There's almost a funny bromance comedy lurking somewhere in "The Change-Up" but it never emerges. The set-up is promising. Mitch (Ryan Reynolds) and Dave (Jason Bateman) are best friends at opposite ends of the relationship spectrum. Mitch is a freewheeling bachelor-actor-stud with father issues. Dave is a hotshot corporate attorney and happily married family man with three kids. Some "Freaky Friday"-styled fate intervenes when the drunk buddies make the mistake of peeing in the same fountain, overseen by a magical statue with a wicked sense of humor. Bodies and minds are switched. The pals agree to take advantage of the opportunity to graze where the grass seems greener. Gross-out humor takes center stage. Dave-in-Mitch's-body is none too pleased to find himself acting in a porn scene that requires the use of his thumb. Mitch-in-Dave's-body discovers that married life involves a level of toilet intimacy he isn't so comfortable with when Dave's wife Jamie (Leslie Mann) goes numero dos big time with the bathroom door open. Then she tries to get frisky.
The ostensible comic joy of the premise comes in the audience interaction of constantly doing the math on which character is hiding under the surface during outrageous moments of sexual interplay. Chalk one up for guys with pregnant-women fetishes. The trouble is that Reynolds and Bateman are too similar. If the screenwriters had written the story with Tracy Morgan and Jason Bateman in mind, they might have created some crazy comic synergy. "The Change-Up" validates its existence as a guilty pleasure but doesn't go any further.
Rated R. 105 mins. (C-) (Two Stars - out of five/no halves)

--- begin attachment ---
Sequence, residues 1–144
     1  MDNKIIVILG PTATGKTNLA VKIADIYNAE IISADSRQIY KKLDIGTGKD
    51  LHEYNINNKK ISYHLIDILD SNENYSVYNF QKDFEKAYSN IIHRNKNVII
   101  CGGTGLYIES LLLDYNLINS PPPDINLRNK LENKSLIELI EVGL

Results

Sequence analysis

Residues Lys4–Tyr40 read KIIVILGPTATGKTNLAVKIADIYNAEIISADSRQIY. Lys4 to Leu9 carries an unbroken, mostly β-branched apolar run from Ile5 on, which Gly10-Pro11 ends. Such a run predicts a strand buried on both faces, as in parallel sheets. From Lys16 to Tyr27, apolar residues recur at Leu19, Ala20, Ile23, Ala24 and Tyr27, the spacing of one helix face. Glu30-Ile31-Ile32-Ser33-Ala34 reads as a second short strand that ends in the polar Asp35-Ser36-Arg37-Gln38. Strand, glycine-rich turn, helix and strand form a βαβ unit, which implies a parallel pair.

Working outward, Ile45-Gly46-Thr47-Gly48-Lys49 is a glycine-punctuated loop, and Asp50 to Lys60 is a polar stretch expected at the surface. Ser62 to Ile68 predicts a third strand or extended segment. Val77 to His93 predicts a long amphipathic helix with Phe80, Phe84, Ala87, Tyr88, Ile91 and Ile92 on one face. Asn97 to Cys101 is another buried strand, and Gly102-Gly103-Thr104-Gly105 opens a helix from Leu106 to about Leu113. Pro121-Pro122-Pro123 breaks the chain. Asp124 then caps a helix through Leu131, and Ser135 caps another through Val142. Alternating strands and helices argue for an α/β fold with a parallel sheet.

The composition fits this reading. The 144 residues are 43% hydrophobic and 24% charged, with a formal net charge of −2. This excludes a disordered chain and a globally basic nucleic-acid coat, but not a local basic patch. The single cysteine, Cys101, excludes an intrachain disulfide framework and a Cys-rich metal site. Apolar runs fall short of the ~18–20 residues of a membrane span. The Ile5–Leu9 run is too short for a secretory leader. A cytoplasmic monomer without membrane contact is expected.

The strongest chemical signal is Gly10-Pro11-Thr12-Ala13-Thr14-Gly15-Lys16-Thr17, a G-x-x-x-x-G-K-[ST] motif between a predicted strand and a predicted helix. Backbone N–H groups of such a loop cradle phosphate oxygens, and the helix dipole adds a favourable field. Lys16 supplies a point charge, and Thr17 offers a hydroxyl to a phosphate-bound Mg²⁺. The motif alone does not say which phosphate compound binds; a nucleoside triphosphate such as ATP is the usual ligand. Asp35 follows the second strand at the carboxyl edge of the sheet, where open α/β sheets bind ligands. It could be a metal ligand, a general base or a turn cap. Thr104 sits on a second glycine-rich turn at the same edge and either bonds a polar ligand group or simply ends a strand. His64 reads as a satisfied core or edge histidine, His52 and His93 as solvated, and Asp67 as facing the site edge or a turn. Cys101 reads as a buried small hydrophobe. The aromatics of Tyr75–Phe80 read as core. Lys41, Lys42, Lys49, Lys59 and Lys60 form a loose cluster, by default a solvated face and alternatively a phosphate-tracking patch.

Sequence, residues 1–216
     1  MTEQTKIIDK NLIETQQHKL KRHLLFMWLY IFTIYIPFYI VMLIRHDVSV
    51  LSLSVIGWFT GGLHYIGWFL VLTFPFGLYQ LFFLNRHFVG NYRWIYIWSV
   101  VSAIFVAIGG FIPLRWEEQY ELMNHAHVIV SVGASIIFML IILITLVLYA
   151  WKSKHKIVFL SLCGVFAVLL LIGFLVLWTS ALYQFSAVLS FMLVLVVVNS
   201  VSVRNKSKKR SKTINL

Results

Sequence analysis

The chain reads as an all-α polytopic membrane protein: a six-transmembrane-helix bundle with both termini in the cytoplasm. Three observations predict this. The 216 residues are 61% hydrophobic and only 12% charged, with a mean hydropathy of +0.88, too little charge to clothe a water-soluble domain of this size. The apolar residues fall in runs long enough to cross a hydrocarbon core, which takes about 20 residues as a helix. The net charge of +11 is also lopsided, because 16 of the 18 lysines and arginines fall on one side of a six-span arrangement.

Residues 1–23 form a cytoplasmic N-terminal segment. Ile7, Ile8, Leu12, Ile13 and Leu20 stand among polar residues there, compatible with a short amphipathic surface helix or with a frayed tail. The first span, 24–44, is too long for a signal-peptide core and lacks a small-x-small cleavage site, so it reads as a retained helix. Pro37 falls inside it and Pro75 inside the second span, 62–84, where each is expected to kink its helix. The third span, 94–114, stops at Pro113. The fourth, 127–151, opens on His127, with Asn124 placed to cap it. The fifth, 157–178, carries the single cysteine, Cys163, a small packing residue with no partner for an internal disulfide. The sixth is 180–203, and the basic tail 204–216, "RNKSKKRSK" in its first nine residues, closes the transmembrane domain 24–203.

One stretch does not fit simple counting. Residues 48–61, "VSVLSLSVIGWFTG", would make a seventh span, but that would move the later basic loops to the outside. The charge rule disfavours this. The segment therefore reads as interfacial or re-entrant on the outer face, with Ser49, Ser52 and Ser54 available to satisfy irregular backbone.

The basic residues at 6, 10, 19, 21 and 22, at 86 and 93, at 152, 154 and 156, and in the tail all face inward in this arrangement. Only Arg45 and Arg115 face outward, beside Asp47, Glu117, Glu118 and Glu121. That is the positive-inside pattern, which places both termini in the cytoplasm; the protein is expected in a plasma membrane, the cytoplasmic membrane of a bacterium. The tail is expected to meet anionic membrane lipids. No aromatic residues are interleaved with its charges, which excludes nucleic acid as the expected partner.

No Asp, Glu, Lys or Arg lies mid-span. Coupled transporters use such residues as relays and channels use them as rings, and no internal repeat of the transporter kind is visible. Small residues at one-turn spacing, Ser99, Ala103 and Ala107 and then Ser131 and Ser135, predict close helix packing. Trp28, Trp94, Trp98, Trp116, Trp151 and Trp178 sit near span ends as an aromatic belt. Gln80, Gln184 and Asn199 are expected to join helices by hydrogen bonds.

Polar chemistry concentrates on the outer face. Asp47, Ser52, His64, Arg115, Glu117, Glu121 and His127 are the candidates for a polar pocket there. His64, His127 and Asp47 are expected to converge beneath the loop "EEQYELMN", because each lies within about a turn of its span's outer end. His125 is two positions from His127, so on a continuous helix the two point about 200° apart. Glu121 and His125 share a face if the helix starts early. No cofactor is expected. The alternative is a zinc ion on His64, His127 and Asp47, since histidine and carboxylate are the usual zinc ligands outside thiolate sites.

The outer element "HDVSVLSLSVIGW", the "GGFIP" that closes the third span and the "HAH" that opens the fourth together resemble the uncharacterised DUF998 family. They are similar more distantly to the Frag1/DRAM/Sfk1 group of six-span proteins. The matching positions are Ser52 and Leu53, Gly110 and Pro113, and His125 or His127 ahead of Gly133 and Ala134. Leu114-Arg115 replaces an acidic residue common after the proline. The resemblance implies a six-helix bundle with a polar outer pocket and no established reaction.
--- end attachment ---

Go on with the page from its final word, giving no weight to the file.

A much more successful bromance comedy than "The Hangover 2," "Horrible Bosses" benefits from the volatile comic mixture of chemistry between its actors and a genuinely quirky script. Contentious scenes between Jason Bateman's corporate-climber Nick Hendricks and his sadistic boss Dave Harken (Kevin Spacey) are disarmingly hilarious due to the odd similarity between the two actors. Spacey and Bateman share an analogous delivery style. Even their facial features reflect a unity that gives their exchanges a rub of superfine comic sandpaper. These two men want to hurt each other. Nick, however, has considerably more reasoned motivation after being passed over for a big promotion he was groomed to fill. Sparks of comic magic fly between Spacey and Bateman like gunpowder on a hot shiny surface.
Charlie Day, the gifted young comedian with a high wispy voice, incites laughter like he's jumping landmines. His performance has all the hallmarks of a breakout effort. The screenwriters have more than just laughs on their minds. Talk about backhanded satire: Day plays dental assistant Dale Arbus. Dale suffers the misfortune of being a registered sex offender (for making the mistake of peeing in a public playground at night). At work, Jennifer Aniston's Dr. Julia Harris takes special pleasure in sexually harassing Dale while working on sedated patients. Dale's upcoming nuptials only fan the fires of Julia's inappropriate lust. When she says she likes to "fool around," she means it with a vengeance. Look for the word "dong" to enter American parlance in a big way. For her part, Anniston delivers on her dirty over-the-top dialogue like a seasoned pro. Add another feather to her cap.